With three more days to go, we had planned to move to Central London on Friday (29th), just to cut the commute time. That day being the Royal Wedding, we were advised to leave Hounslow real early and get to Central London before roads and tube stations would be blocked. We made good time and reached way before check-in time, dumped the luggage and headed out to “attend the wedding.” 😉 With all the optimism of two fools, we were planning to park ourselves somewhere near the Westminster Abbey or along the procession way to Buckingham Palace. All such hopes were dashed, when the train chugged into St. James’s Park station and the announcements said that Westminster station had been closed because of the crowd. We decided to walk it, but as soon as we stepped out of the station, it seemed millions others had decided to walk it too 😀 We were politely advised by the security personnel that getting to Westminster in time and in one piece would be “Eh? No chance, buddy, but you can try.” Our best bet seemed heading to some place with big screens, so we zeroed in on Hyde Park that was about, oh, 3 km away. Nevertheless, it was a fun walk and we got to see lots of people in wedding finery, Kate and William masks, Union Jack colors in hats and outfits and much drunkenness at 11 in the morning 🙂
We got there just in time to see the happy (royal, restrained happy) couple leave the church and wave at the cheering masses. But the party had just begun. There was an impromptu concert right there, with people dancing and singing along, children having a grand picnic and old ladies wiping silent tears as everyone waited for The Balcony Kiss and the flypast.
The kiss, very oh-just-let’s-get-it-over-with-now as it was from the Royal Highnesses, pushed the excitement in the air a notch higher. The moment, I’d say, was sealed by the swooping planes that flew right over our heads with a sea of flags dancing in the wind.
I know many feel that it was an over-stated, hyped event with a vulgar spend attached to it, but it had the power to bring many people on the streets on an extended weekend and enjoy something for what it was, together and with abandon. A simple joy that many choose to forego.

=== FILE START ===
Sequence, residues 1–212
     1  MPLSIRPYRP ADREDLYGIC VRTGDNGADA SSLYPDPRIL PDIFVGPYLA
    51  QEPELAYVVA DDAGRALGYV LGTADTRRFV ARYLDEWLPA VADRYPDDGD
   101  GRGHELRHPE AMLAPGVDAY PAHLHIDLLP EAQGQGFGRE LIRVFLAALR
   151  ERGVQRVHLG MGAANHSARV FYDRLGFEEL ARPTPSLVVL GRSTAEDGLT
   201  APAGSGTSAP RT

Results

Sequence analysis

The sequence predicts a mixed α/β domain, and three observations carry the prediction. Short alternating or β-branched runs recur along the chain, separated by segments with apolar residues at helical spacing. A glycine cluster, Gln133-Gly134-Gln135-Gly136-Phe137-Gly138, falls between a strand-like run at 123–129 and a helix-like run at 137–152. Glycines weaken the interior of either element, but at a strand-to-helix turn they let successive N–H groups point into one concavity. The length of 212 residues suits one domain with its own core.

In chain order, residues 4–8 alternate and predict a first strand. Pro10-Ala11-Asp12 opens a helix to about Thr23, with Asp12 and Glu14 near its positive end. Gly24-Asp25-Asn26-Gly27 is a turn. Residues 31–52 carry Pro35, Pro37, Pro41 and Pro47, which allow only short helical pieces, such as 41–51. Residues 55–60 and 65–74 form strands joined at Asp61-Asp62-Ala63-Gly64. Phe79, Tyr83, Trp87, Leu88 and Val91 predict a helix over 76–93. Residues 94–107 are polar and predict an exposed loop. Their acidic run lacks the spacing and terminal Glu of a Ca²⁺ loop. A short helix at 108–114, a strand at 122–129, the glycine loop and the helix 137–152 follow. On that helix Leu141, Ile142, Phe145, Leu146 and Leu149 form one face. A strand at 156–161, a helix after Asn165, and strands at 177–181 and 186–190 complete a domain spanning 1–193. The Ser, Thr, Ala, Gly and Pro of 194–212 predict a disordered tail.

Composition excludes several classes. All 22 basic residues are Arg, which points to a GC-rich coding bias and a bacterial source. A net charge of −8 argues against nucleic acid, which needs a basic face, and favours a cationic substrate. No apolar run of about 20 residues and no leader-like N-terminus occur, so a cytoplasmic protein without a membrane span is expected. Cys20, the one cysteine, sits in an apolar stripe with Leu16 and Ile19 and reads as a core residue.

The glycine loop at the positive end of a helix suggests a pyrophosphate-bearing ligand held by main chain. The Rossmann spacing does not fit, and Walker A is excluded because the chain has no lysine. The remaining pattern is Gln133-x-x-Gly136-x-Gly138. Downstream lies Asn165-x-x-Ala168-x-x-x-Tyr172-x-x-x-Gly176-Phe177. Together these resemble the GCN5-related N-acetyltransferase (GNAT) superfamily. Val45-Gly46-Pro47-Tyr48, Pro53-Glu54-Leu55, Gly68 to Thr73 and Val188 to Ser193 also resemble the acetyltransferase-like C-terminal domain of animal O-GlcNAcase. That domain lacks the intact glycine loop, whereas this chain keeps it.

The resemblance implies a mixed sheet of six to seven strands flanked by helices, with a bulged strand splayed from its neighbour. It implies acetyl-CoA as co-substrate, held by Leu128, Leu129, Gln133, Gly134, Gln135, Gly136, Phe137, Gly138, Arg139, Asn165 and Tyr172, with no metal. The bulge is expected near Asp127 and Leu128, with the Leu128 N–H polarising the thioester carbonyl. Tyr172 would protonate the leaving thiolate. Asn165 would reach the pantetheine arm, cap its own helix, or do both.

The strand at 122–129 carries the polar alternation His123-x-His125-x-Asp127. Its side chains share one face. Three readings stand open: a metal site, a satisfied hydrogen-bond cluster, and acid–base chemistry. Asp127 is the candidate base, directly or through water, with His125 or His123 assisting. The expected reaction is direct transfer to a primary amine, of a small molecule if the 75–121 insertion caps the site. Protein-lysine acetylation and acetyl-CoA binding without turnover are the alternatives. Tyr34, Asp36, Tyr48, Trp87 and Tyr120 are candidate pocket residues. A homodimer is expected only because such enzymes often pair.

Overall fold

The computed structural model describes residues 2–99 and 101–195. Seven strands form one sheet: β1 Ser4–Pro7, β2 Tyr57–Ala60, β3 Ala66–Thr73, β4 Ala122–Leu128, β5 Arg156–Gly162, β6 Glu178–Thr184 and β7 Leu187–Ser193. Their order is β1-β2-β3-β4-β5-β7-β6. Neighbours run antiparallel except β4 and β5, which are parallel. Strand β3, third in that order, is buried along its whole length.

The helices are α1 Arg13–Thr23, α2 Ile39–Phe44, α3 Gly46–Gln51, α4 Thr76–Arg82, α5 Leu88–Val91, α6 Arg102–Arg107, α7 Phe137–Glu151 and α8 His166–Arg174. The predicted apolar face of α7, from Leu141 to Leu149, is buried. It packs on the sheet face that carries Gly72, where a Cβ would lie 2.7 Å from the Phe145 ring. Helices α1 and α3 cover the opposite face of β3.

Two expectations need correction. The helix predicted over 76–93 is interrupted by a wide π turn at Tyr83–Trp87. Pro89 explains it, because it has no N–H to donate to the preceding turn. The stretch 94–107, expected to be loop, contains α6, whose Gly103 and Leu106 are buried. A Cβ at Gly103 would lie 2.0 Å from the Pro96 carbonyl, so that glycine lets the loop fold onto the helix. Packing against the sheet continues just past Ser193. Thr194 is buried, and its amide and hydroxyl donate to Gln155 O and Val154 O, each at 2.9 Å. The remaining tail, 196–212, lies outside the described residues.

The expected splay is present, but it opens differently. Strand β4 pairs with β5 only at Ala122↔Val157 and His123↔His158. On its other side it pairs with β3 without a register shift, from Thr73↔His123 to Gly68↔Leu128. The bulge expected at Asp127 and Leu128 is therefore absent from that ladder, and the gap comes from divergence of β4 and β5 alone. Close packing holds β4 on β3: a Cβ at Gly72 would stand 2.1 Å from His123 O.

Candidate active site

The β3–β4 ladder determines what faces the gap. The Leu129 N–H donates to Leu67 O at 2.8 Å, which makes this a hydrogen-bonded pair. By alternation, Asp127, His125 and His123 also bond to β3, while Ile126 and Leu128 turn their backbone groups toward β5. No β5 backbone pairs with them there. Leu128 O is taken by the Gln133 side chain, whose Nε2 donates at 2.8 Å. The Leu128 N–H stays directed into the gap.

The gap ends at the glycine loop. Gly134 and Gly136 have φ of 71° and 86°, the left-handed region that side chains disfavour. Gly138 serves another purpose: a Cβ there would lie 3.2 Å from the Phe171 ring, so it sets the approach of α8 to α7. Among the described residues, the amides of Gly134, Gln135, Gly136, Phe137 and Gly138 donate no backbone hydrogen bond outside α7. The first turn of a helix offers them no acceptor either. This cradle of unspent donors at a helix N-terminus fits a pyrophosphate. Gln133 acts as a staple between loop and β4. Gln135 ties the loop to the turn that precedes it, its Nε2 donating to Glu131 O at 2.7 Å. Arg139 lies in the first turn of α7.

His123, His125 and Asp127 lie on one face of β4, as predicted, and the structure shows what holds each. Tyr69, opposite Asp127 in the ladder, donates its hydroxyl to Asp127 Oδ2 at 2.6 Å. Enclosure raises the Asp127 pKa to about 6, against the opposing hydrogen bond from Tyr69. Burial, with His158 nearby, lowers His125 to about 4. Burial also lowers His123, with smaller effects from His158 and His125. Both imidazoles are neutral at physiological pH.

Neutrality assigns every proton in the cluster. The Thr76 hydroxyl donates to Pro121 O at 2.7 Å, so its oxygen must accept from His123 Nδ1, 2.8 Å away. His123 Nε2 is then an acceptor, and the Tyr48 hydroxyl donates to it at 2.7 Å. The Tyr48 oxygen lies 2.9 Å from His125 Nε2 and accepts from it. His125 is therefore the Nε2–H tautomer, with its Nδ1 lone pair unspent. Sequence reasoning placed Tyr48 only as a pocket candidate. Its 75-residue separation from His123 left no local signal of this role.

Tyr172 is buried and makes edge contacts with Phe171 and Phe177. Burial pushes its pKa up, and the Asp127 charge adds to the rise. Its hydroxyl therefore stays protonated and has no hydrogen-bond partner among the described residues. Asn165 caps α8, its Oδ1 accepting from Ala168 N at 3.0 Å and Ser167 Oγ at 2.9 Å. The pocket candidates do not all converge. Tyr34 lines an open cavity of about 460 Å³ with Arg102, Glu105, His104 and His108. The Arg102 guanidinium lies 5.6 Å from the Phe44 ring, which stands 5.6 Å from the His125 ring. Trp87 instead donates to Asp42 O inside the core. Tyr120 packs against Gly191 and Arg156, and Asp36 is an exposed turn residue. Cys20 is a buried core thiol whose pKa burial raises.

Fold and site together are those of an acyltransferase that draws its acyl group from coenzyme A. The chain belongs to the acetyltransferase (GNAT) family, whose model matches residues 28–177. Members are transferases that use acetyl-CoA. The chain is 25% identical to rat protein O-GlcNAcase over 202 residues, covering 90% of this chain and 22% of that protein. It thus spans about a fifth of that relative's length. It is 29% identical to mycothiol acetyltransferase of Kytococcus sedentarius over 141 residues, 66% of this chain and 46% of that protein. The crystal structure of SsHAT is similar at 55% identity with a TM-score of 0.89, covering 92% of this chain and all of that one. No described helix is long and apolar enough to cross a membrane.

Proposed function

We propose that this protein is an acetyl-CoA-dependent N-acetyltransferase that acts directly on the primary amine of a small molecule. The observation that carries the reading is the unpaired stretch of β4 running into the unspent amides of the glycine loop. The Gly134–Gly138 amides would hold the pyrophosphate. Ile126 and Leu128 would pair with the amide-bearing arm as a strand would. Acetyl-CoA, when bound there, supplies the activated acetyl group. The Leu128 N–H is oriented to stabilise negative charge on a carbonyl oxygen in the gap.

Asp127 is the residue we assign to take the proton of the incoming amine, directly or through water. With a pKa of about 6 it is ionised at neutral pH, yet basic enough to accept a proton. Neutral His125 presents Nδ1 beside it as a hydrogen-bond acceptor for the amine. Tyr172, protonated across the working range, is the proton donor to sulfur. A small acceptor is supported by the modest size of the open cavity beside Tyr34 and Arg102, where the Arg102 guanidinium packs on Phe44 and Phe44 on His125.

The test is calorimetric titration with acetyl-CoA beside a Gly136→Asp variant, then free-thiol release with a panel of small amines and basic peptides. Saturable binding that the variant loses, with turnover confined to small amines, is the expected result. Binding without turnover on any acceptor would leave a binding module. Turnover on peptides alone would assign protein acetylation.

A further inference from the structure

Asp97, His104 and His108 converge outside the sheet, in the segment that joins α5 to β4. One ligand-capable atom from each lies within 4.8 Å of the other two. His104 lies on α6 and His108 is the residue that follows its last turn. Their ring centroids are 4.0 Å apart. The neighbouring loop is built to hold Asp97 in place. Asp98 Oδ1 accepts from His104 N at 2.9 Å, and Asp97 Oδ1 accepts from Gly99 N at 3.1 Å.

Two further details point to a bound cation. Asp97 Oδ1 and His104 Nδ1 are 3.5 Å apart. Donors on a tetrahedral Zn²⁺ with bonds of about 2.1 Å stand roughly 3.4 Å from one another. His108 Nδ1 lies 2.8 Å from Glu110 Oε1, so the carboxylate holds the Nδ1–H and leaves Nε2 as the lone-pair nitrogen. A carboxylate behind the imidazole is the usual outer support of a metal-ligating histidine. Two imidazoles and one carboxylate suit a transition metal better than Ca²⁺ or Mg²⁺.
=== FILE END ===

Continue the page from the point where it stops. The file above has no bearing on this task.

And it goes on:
Anywhichway, as happens with me in life, one moment I’m enjoying myself and the next I go “What’s this nagging feeling? Oh, I know! I’m hungry!” I dragged away the husband who was singing along to the nth rendition of Aerosmith’s ‘ I don’t wanna miss a thing’ (how apt!), and we ate at the little café inside the park. And I think the food must have opened up our brains, so we decided we should get to work (what? Sight-seeing IS work!), and stop all this begaani-shaadi-mein-abdullahs business. We had passes for the Thames cruise that we’d bought along with the tour, and they were about to expire in a few hours. Some superhumanly effort (and discovering that the tube was working back again!) made us get there in time, and get on a cruise. The guide was really funny, an old chap who thought that “this cruise would be full up if what’s-her-face wasn’t getting married today”, with lots of trivia on the various bridges, Traitors’ Gate at the Tower of London, Cleopatra’s Needle and many other places.
I also couldn’t help but notice a mother of two who had braved the weather and the crowds to get her two little boys to come on the cruise, but the little one was being more than a handful while the older one (who had a complicated hearing aid device) felt embarrassed. For a while, I was thinking why she had even bothered, but then the two boys posed for a picture and it made sense. Sort of.
More in Part II.